I love the challenge: what would it be like to love without rules, so you have to define how and who you love on your own without “guidance.”
Then we’d have to decide what we want and we’d have to build relationships out loud with our partners. We wouldn’t be allowed to be lazy and accept things as “they are” because we’d have to define it and grow in all of those uncomfortable, exploratory and necessary moments of love.
I can’t wait to discuss this with our salon group.
Maybe the modern “faith” based organization can go beyond traditional religious frameworks, I asked myself last Friday morning while I was walking to work after Creative Mornings. I want to unpack what it means to have “faith.”
Creative Mornings is now an international organization built on small localized groups who agree to host free events on Friday mornings before work in their communities. There is normally a theme, one keynote speaker, and sometimes a musician opener and a handful of 30 second pitches from the community. The audience signs up a few days before the event and joins together for breakfast and conversation before the hour-long live event.
The audience here in New York is very creative: the usual attendees are researchers, artists, strategists, developers, and students. It is also one of the warmest audiences I’ve ever seen in New York, because it’s an audience that is excited and ready to get up early and explore challenging themes like Risk, Love, Freedom, Ethics, Sex, and Revolution.
What does it mean to have “faith?”
I am very much struggling with this question. If “Faith” is tied to specific organized religions, and I find myself outside of those communities right now, can I explore “faith” more broadly?
For now, I am working with this definition: maybe “faith” can be about hope, and designing for the people and world I hope we can become, that I know we have inside of us when we feel safe and loved. Maybe finding “faith” can be about spending time in communities that share my values and want to work towards a more inclusive, generous, and peaceful world. Let’s start with this as an option.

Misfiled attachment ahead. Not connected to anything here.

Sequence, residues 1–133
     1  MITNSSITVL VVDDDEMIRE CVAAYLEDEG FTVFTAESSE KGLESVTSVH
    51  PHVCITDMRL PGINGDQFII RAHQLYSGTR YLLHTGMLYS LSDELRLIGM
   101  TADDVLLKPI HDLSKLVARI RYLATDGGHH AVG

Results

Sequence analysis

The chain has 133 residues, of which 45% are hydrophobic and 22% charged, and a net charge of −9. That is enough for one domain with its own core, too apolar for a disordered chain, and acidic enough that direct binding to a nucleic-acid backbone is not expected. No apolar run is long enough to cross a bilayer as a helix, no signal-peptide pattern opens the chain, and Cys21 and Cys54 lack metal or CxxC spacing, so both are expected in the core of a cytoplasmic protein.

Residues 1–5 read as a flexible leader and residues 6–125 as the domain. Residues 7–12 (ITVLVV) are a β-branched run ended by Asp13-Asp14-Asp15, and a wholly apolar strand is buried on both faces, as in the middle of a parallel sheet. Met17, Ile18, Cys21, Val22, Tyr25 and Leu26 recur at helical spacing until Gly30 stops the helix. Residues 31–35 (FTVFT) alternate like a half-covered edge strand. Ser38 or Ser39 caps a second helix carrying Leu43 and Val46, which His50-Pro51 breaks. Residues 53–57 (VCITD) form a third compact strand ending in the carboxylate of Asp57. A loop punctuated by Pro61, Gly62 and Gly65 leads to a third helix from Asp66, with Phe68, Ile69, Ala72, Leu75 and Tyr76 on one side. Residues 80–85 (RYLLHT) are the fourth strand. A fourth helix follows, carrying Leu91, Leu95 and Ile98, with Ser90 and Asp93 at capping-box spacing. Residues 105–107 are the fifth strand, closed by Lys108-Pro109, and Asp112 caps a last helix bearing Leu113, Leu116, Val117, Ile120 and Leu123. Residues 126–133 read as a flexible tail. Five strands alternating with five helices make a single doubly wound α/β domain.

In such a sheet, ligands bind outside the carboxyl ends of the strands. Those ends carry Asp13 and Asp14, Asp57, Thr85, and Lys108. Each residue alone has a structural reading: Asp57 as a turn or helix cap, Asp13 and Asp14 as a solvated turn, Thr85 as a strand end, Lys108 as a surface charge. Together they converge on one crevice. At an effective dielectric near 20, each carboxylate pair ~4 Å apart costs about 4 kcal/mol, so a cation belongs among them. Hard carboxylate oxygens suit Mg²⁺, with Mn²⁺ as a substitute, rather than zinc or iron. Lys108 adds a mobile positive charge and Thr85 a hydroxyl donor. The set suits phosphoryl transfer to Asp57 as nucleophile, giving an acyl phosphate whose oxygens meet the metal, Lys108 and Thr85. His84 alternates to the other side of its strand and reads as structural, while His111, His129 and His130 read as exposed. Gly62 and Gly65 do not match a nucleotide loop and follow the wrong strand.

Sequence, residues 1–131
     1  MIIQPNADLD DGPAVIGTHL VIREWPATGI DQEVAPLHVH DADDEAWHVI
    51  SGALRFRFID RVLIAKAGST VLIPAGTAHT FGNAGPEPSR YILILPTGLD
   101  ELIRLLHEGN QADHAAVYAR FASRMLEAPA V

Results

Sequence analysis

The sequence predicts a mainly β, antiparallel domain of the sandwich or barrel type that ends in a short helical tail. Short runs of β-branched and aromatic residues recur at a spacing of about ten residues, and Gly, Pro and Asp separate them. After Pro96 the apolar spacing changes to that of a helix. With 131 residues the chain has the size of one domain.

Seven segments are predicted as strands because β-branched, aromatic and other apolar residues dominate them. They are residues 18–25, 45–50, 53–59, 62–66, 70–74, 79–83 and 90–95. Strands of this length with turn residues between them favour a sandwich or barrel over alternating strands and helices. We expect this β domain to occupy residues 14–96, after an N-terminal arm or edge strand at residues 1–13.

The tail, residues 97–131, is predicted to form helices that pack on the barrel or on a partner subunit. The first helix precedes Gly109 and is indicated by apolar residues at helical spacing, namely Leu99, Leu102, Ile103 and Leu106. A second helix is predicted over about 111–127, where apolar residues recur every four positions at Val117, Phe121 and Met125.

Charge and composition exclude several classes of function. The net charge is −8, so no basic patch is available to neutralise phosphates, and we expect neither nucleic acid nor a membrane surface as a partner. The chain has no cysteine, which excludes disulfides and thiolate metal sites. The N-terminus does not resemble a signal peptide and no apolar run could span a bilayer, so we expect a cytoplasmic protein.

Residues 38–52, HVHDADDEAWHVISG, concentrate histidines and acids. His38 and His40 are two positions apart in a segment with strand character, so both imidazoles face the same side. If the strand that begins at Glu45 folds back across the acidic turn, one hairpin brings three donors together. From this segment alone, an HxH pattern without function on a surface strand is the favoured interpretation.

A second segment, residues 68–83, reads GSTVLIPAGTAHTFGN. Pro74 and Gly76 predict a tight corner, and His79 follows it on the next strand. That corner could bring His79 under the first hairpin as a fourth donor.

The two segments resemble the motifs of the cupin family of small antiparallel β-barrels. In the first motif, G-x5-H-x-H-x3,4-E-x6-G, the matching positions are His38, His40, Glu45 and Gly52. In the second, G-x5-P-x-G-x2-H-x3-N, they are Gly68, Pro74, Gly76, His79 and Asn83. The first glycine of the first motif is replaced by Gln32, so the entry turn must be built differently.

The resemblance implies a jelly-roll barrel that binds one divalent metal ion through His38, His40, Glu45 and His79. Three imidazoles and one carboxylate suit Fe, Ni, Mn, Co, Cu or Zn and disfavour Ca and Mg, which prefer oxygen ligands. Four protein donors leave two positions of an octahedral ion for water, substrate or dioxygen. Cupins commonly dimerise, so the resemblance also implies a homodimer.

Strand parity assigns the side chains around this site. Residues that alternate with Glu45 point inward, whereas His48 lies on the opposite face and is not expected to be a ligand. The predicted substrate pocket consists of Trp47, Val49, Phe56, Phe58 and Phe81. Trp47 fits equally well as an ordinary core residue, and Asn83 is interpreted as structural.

Creative Mornings introduced me to some new tools and questions about “faith.”
In June, I went to a Creative Mornings event while in a daze after the Brexit was announced, and it helped me find some direction: instead of mourning what we were losing, I was going to celebrate and support the creators. Michaela Angela Davis asked really challenging questions about race and activism in the United States.
She also taught us about what it means to think strategically and do the hard things when we need to act. This event set me on a new track to manage my media intake (specifically, on the election and the terror that Trump’s campaign embodies) and it taught me to think more strategically about how I want to participate.
Last week, we explored Love with someone who is very much still healing from her experience losing a child/loved one. Maggie Doyne is known for her work building the next generation of a home for children without families. She shared her very personal journey with grief and finding a way back to her work, and she reminded us, “love is the hardest thing, but it is the only thing that heals us.” To love is a choice, to keep your heart open is a choice.